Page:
Investors normally give you four types of responses of what the next steps are. The first is they would like to set-up a follow up call with you and your full team in the next few days or a face to face meeting. This is fantastic because it means you potentially have a fundable company and have spiked their interest. The second “We will reach out to you after we talk about the deal internally,” this normally leads to a polite turndown, but all hope is not lost. The final is “we would like if to keep in contact and see how you progress” meaning your company is not a fit for X reason, but they are being polite. This is the typical response given to companies with inadequate revenue or some other fundamental reason. The fourth they come right and turn you down on the call. I respect these groups greatly and wish more groups were more blunt like this.

The proper follow up in the latter cases is to put them on your mailing list and reach-out to them after you have hit certain criteria if they have listed any. It is greatly important to understand that interactions with investors can be a lengthy process taking numerous months and even years until your company meets the criteria the investor is looking for. Thus, it is important to make sure your speaking to the right groups for the stage that your company is at and if possible have a introduction to the firm, as this can go along way. I know first hand most investments made by investors come from referrals from people in their network. Chris Fralic has great advice on how to handle the introduction process in his article the Art of the Introductions: Top Ten Tips. His ten tips are listed below and the article is worth the read to see how many deals a VC gets sent his way through his network:

1) SUBJECT LINE MATTERS This one is a big one – DO NOT use just “Introduction” or “Intro” alone as email subject line. That’s the equivalent of sending a resume titled “resume.doc” – it says nothing. You should have the names and company names of both people being introduced in the email subject line.

2) WHAT’S IN IT FOR THE TARGET? Ever hear the line about everyone’s favorite radio station? WIFM – What’s In it For Me. WHY should the Target care about this introduction? Put it in the first sentence or paragraph. Another way to look at it – is there any evidence in your email introduction that you know anything about the Target whatsoever?

3) CONTENT MATTERS Are you being specific enough about what you’re asking the Target to do, and are you actually saying what your company does? If you’re looking for a job or career help, did you attach your resume? If you’re introducing your company, did you attach a deck or executive summary or at least a paragraph explaining what you do? Links are not enough – they’re generally useless if the person reading it is on a Blackberry or on an airplane.

4) MAKE IT EASY TO REACH YOU Consider having your email signature (and your reply signature) contain all of your relevant contact information. You want to be one click away from a call or email. Every deck or executive summary should contain your contact information on the first and last slide.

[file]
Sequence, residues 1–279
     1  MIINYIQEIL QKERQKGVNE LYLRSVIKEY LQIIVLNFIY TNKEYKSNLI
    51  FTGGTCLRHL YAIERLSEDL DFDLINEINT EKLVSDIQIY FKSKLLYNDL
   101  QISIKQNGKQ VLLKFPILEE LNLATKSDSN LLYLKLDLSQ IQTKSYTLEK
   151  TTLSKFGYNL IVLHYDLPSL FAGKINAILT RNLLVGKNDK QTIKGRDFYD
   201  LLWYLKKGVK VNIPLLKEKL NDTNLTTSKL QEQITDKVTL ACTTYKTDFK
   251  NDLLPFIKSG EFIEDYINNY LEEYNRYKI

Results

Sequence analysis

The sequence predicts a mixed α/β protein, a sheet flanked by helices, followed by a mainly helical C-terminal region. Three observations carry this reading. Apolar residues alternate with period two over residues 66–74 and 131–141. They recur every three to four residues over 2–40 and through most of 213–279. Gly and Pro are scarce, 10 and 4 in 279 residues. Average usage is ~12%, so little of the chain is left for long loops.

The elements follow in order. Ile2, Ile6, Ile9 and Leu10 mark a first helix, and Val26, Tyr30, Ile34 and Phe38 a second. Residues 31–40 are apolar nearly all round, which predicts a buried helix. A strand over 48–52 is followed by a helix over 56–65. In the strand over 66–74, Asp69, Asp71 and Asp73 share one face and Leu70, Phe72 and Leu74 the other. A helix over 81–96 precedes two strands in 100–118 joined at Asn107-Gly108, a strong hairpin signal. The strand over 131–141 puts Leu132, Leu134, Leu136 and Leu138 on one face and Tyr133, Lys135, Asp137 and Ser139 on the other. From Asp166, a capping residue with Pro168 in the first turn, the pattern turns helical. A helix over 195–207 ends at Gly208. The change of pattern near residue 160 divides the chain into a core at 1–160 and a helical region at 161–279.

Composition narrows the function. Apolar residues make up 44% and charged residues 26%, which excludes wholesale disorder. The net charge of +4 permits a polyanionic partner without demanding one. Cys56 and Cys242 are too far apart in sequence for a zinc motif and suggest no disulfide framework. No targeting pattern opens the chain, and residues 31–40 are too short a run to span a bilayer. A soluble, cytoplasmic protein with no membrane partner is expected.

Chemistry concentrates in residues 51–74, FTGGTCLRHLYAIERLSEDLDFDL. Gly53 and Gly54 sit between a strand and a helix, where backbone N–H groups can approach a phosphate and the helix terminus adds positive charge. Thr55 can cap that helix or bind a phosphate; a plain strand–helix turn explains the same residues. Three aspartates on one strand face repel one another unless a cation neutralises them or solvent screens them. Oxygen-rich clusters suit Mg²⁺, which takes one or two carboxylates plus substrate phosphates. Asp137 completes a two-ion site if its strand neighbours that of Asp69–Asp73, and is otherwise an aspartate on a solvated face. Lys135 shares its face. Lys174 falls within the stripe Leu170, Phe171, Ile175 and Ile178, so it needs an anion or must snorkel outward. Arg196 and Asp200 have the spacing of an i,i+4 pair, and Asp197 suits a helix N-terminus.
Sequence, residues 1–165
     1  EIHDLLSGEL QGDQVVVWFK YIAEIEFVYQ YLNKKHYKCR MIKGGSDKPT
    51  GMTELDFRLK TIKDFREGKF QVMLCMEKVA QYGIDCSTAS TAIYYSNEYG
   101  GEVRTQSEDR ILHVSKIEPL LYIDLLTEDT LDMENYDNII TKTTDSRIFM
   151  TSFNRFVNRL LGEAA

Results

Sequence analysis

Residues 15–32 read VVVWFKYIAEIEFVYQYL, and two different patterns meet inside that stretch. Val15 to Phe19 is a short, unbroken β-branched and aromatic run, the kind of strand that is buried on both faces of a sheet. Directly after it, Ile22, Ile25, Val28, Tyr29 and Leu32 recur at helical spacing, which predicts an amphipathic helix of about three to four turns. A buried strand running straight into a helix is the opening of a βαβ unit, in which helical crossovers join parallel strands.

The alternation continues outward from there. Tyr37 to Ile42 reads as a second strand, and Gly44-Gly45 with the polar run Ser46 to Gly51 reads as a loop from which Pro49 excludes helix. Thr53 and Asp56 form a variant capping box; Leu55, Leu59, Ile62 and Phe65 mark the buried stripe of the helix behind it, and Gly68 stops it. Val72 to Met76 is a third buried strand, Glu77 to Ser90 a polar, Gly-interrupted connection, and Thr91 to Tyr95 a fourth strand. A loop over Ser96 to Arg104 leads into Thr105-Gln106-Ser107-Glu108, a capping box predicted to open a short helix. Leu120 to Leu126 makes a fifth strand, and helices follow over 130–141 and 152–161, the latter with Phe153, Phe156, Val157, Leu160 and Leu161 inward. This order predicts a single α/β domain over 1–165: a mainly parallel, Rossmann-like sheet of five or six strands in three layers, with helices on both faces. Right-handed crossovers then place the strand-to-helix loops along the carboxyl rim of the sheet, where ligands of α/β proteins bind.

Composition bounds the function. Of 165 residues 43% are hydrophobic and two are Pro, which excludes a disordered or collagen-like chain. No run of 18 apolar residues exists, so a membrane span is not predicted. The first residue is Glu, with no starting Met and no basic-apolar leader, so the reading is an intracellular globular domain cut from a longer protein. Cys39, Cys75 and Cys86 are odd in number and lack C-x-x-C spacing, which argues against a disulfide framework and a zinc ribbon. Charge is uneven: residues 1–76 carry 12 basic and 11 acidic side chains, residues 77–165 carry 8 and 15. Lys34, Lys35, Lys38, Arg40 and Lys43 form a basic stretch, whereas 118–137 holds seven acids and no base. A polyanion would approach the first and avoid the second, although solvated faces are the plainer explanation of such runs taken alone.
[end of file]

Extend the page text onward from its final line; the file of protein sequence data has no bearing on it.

5) MAKE IT EASY TO HELP YOU DON’T just verbally ask someone to make introduction – the follow through rates on those are usually low, and it puts too much work on the Connector. A best practice is to craft an email from the Subject to the Connector that contains EVERYTHING and can be easily forwarded to the Target (from the road a Blackberry, etc.)

6) CREATE FIREWALLS This one needs some explanation and some caveats – if the Connector is really close to both parties or has achieved a certain level of relationship with the Target, it can be fine to introduce both parties directly. But it often makes sense to consider the benefits of using a “Firewall” – the best/easiest example is via LinkedIn where it’s easy and completely up to each party to forward or accept the Introduction. Another alternative to a direct introduction is for the Connector to forward information to the Target to see if they’re interested first.

7) “LEAN FORWARD” ON YOUR RESPONSE When someone engages on a response you can really tell – it makes a difference and gets the ball rolling (e.g. offering some quick insight into the problem or opportunity at hand, offering multiple times/places to meet, etc)

8) CLOSE THE LOOP But don’t create an endless loop – don’t copy everyone on each of the 12 emails it takes to find an open time to talk. Instead…

9) EMBRACE THE BCC Blind Carbon Copy is the most powerful and least used feature in email. One simple BCC lets the Connector know that the introduction has been received and is under way.

10) EVERY INTRODUCTION CAN BE A WIN/WIN Help people out when you can and be honest and helpful even if you can’t.

One seeking to get introductions to investors should contact your accountant, attorney or vendors to see if they know anyone who would be interested in your company. I would also hit up the local entrepreneur circuit of events. These events will connect you with other entrepreneurs but also potential people who might be willing to make introductions for you. In Florida and most specifically in Tampa there is a number of organizations such as Tampa Bay Wave  that have frequent events that offer networking opportunities.

Lastly, I want to note that investment conference calls are one part of a very long and arduous process of convincing people your idea and company are worth investing in. I also want to emphasize that these are not harden fast steps to success but a starting place to begin preparing for a call.